CID267, General Van Fleet, Gainesville, FL, Korean War vets dedicate new memorial (Gainesville Sun)
Photo 1. Eddie Ko, Republic of Korea veteran, bows his head in prayer during the dedication of a new Korean War memorial alongside Archer Road in Gainesville, on Monday.
Photos by Rob C. Witzel/Gainesville Sun
By Giuseppe Sabella, Correspondent, Gainesville Sun, Monday, July 27, 2015 at 7:50 p.m.
During the Korean War, northern soldiers killed Eddie Ko's entire family, along with several friends who died in his arms.
“I was a very young and scared and frightened little boy, but my grief changed to anger,” Ko said. “My anger changed to resolve to fight against them at any cost — even to my death.”
Today, 62 years after the Korean ceasefire, Ko spoke during a ceremony dedicated to Gainesville's new Korean War Veterans' Memorial.
Members of Chapter 267 of the Gen. James A. Van Fleet Korean War Veterans' Association placed the memorial next to an existing flagpole at 2672 Old Archer Road.
Ko saluted a crowd of veterans and their families, and praised them for honoring those who fought for the future prosperity of South Korea.
The polished blue granite monument features the flags of South Korea and the United States crossed over a map.
Further down is a dedication to each branch of the armed forces and text that says: “They went to defend a country they never knew and people they never met. Freedom is not free.” See Photo at the left. Also see Chapter article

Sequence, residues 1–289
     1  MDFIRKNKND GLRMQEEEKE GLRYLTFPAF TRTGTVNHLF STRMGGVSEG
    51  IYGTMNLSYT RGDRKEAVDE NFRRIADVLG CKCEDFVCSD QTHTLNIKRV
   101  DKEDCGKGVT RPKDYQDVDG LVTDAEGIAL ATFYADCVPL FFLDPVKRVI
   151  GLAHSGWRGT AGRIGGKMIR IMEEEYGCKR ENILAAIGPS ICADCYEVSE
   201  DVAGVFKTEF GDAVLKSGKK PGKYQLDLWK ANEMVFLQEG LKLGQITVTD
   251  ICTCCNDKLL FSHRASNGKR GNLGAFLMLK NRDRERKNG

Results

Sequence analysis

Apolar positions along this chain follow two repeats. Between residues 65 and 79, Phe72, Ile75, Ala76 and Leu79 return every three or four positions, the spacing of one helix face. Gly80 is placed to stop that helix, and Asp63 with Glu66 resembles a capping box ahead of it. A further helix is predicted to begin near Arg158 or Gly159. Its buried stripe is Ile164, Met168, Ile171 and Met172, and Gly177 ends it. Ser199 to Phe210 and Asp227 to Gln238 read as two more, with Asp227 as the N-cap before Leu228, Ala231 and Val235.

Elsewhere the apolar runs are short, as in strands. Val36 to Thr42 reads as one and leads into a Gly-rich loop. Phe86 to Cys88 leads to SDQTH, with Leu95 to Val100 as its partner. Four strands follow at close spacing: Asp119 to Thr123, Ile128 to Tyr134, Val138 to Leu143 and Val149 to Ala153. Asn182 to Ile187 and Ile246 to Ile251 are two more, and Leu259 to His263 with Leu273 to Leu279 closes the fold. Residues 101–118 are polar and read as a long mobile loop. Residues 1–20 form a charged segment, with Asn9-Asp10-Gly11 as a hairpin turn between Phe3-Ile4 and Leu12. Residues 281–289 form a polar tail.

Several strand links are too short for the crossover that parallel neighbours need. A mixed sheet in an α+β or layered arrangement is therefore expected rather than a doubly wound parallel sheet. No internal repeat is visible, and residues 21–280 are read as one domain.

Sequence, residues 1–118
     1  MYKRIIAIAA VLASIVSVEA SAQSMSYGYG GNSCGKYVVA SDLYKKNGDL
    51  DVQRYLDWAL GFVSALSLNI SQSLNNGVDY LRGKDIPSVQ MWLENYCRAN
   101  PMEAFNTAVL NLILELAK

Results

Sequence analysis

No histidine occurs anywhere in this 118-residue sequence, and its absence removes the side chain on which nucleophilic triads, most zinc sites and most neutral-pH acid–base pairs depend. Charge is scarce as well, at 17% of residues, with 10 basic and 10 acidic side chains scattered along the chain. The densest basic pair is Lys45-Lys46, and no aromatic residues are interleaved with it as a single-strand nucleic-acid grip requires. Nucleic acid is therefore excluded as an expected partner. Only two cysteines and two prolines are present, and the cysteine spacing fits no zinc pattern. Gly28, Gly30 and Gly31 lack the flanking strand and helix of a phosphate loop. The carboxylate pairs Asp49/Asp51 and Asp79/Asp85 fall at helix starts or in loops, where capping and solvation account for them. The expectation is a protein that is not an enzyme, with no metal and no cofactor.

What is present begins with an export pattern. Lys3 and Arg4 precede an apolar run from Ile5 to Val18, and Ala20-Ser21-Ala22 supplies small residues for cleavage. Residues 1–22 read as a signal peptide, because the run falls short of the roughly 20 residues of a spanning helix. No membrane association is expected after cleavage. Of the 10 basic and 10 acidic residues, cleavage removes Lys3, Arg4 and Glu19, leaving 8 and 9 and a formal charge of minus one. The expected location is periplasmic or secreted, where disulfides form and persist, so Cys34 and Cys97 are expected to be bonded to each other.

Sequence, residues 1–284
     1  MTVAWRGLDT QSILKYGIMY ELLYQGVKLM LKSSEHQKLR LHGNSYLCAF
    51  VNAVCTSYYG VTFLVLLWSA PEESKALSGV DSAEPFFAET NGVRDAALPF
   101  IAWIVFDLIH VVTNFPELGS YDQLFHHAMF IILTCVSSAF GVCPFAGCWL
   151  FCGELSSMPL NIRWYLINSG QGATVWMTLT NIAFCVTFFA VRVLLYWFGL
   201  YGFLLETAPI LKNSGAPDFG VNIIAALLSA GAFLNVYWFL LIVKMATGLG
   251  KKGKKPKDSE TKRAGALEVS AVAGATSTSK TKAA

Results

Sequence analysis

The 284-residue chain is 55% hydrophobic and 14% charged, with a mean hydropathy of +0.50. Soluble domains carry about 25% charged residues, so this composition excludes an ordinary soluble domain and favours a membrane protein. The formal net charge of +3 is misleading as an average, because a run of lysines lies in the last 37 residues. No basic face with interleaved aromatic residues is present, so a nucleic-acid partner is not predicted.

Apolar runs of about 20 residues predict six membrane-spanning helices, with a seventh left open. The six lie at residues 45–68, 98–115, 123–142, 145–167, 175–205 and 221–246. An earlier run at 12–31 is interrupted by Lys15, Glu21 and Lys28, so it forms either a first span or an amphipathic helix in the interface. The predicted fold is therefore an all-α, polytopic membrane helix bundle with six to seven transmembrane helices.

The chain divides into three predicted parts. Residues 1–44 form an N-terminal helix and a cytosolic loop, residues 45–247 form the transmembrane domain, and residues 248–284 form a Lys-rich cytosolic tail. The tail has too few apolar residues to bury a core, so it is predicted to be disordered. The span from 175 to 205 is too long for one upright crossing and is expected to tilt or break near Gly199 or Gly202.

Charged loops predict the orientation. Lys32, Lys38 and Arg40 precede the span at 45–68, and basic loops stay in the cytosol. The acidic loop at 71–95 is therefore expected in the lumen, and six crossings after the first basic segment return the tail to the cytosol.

Engraved on the opposite side — facing the sidewalk — is the dedication date. It also features a line representing the 38th parallel, which separated North and South Korea before the war.
A jagged top represents the mountainous terrain soldiers fought in, which played a large role in strategic planning, according to the veterans group.
“Today, they look down on this monument from their heavenly domain,” said Ko, now a Tampa resident. “Today, they know we still cherish our freedom and they did not die in vain.”
Ko told the crowd of about 90 people that he relayed information to American forces as a 14-year-old spy, often portraying himself to the enemy as a hungry orphan.
Asking seemingly innocent questions, he gathered information that helped lead to several successful attacks, such as the invasion of Inchon.
Ko said he paid his debt to America after being drafted by the U.S. Army and served at Fort Knox in Kentucky, and then South Korea.
“Three years later I was honorably discharged, and now I'm like every one of you — a very proud American veteran,” Ko said, pointing at the crowd.
Today, when Ko visits South Korea, it's to help recover the remains of soldiers who went missing in action.
U.S. Rep. Ted Yoho and Alachua County Commissioner Lee Pinkoson attended the ceremony and made brief speeches.
Yoho focused on the availability of health care to American veterans, and commended them for their efforts after the war.
“You became teachers, lawyers, merchants and nurses; and you helped make this society better and much improved,” he said.
The ceremony also included a 21-gun salute, the laying of a wreath, and Brittany Roughton's rendition of "God Bless America."
Despite sweltering heat and noisy traffic, the crowd's laughter, tears and applause resounded.
“Bless all the people who made this possible,” the Rev. Min Seok Sohn said in a closing prayer.
Photos Monday, July 27, 2015. By Rob C. Witzel / Gainesville Sun Staff photographer